Spikes analysis

I am trying to build a model such that it can mimic experimental results of Rat spiking data where subject is performing different tasks. The SPA question example in the provided hbb ch5 tutorials seems relevant at this point. I have following questions:

  1. To probe spiking data from let’s say Motor state, we need to put model.motor.state_ensembles.add_neuron_output(), right?
  2. After probing, I am having spikes at every instant of time (dt=0.001) which will not be useful, as inter-spiking time would be just 0.001 for all neurons at all instances.
    Can anyone help in this matter, how can I make this model more realistic to match-up with experimental data, where inter-spiking-times are usually exponential or heavy tail distributed.

Hi Gaurav,

To answer your questions:

  1. To probe spiking data from let’s say Motor state, we need to put model.motor.state_ensembles.add_neuron_output(), right?
    For the HBB CH5 question-control example, if you want to probe the spikes from the motor state, you’ll want to do:
motor_spike_probe = nengo.Probe(motor.neuron_output)
  1. After probing, I am having spikes at every instant of time (dt=0.001) which will not be useful, as inter-spiking time would be just 0.001 for all neurons at all instances.

This is not an easy question to answer since the inter-spike interval measurement can depend on the specifics of the behaviour you want to replicate. There are a few things you can try to achieve your goal.


  1. The interspike interval is typically measured for a single neuron. However the spike data gathered using the spike probe above is for all of the neurons in the ensemble. You can isolate the spikes from a single neuron like so:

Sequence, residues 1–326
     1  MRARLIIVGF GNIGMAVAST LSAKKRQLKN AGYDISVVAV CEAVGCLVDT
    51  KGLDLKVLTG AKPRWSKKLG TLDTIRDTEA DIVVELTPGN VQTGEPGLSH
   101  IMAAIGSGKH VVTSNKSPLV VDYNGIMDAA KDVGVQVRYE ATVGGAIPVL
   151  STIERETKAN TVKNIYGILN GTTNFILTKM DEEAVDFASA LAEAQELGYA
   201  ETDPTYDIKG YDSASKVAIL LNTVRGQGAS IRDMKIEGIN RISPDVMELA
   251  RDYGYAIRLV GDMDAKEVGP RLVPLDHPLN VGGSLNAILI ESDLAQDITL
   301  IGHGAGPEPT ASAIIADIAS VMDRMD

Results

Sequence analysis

neuron_0_spikes = motor_spike_probe[:, 0]
neuron_1_spikes = motor_spike_probe[:, 1]

The data returned like this will look something like:
[0, 0, 0, 0, 1000.0, 0, 0, 0, .... 0, 0]

Each element corresponds to whether or not the specific neuron spiked for a specific timestep, where 0 indicates no spikes occurring during that timestep, and a value of 1 / sim.dt when a spike did occur during that timestep. To convert this data into an array of timestamps where a spike happened, you’ll need to multiply by sim.trange() and sim.dt, and then strip out all of the zeros:

neuron_0_spike_times = neuron_0_spikes * sim.trange() * sim.dt  # Mulitply by trange and dt
neuron_0_spike_times = neuron_0_spike_times[neuron_0_spike_times > 0]  # Strip out zeros

Once you have the spike data for individual neurons, you can then proceed to compute the distribution of interspike intervals for each neuron, and then across the entire model to get the distribution for all of the neurons.

2. The default neuron firing rates in Nengo are pretty high (200-400Hz), while biological neurons fire at a much lower frequency. This can be done by passing in a max_rates parameter to the initialization of the Ensemble or EnsembleArray:

from nengo import Uniform

# Example EnsembleArray with neurons firing from 10-50 Hz
motor = nengo.networks.EnsembleArray(n_neurons=N, n_ensembles=dim, max_rates=Uniform(10, 50),  label='Motor')

# Example ensemble with neurons firing from 5-20 Hz
ens = nengo.Ensemble(n_neurons=N, max_rates=Uniform(5, 20))

3. Changing the neuron type from the default LIF neuron to the adaptive LIF neuron (nengo.neurons.AdaptiveLIF) type may also help achieve the desired ISI distribution. Unlike the LIF neuron which has a fixed firing rate for a constant input, for a constant input, the adaptive LIF neuron starts a high firing rate, but the rate falls as it adapts the the constant input. The details of the adaptive LIF neuron can be found here.